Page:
Greenville County Sheriff Will Lewis admitted to having an extramarital affair but staunchly denied sexual harassment and stalking allegations against him in a press conference Thursday, three days after a former employee filed a lawsuit against him.
"I did have a consensual encounter earlier this year," Lewis said, "and for that, deeply sorry doesn't cover it."
Savannah Nabors, who was employed as an administrative coordinator for the Sheriff's Office before resigning in May, said in a lawsuit that Lewis sexually assaulted her on an overnight business trip earlier this year.
Nabors alleges in the lawsuit that she was forced to leave her job because she "refused to tolerate sexual advances by the sheriff."
Lewis said the allegations have "zero validity."
"The allegations of rape and stalking, harassment, that's completely, 100 percent false," Lewis said.
Kyle White, one of Nabors' attorneys, said he couldn't comment beyond what has already been alleged in the lawsuit. Attorney Druanne White, also one of Nabors' lawyers, previously said Nabors would not speak publicly about the lawsuit or allegations contained in it.
"We have respect for and faith in the civil litigation process and stand by the allegations in the complaint," Kyle White said in a statement following Thursday's news conference.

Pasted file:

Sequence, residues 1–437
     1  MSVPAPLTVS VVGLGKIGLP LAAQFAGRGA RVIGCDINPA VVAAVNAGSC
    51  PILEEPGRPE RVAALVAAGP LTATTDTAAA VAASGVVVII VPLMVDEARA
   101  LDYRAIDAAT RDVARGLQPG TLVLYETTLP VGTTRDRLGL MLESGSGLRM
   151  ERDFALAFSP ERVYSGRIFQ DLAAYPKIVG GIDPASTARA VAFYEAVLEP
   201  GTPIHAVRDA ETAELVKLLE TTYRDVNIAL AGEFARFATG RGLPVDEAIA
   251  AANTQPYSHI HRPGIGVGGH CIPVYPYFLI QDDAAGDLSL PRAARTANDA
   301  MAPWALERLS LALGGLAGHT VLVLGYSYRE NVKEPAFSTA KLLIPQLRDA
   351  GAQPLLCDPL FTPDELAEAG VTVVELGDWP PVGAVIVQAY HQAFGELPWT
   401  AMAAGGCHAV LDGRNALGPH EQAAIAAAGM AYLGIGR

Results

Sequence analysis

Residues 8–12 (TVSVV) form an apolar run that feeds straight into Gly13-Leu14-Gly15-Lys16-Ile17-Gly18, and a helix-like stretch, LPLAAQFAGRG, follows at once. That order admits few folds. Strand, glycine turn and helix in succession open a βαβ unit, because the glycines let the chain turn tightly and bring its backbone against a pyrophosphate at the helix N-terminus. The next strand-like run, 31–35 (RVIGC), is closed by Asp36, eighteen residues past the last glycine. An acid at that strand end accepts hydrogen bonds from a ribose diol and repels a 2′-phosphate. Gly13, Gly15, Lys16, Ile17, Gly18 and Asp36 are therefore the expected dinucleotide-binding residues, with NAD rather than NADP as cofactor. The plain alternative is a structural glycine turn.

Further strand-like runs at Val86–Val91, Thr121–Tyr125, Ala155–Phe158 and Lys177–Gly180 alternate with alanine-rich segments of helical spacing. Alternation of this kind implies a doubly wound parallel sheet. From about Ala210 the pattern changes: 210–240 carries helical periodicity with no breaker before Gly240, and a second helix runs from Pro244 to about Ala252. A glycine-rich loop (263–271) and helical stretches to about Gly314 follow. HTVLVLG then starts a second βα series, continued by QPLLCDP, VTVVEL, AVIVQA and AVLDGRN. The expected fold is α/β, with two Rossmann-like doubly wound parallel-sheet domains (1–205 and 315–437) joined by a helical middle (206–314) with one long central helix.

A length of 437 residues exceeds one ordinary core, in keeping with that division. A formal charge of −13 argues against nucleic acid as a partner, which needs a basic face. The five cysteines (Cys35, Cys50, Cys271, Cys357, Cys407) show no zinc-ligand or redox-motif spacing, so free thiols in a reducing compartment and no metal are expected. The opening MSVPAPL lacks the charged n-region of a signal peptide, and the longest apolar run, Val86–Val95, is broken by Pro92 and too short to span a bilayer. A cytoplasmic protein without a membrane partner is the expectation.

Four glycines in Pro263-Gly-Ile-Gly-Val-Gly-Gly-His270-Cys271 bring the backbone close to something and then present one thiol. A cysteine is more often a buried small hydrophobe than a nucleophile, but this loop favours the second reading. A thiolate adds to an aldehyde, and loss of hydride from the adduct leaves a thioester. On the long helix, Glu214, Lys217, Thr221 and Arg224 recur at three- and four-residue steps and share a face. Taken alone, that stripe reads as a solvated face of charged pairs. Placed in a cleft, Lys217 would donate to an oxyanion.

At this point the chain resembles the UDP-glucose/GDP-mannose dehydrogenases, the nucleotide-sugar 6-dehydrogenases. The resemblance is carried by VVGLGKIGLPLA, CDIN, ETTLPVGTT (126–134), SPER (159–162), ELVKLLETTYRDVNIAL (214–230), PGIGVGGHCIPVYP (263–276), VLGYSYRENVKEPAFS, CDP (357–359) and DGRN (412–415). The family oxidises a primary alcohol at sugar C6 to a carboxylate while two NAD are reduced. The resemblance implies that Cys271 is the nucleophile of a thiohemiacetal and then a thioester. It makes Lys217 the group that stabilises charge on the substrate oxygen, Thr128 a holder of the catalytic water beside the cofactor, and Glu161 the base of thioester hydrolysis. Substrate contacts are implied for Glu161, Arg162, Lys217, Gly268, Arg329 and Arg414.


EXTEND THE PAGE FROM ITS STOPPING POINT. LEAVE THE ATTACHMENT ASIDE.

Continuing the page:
Lewis, who did not take questions during the press conference, also publicly apologized to his wife and family and asked for privacy as the State Law Enforcement Division continued its investigation into the allegations. No criminal charges have been filed against Lewis.
"The encounter that I had was tremendously and deeply regrettable, one that is a moral failure," he said.
"Most importantly to me, I took a vow to my wife and children, to be a loving husband and also a father that protects my children," Lewis said. "It pains me to tell you that I in fact broke that vow to my wife and family."
Lewis also apologized to the county, its citizens and deputies of the Sheriff's Office. He asked supporters to have faith in him and his officers.
“I can only ask again for the forgiveness and for the belief of the people in the county that I may continue to perform my duties as I’ve been elected to do,” Lewis said.
Paul Guy, a former deputy who ran against Lewis in the November general election, questioned Lewis' claims and called for his resignation.
"Principles and character matters," Guy said. "He has lost respect of deputies and former deputies."
Guy appeared with a coalition of 15 community leaders last month calling for Lewis to resign amid the SLED investigation.
“I’m going to press on," Lewis said. "And I’m going to continue to stay where I am and I will not in any way let this effect the safety of… this community.”
Lewis said he looked forward to the litigation process coming to a close.
"You guys will have an opportunity to see exactly what’s happened, what’s transpired and where the falsehoods are,” he said.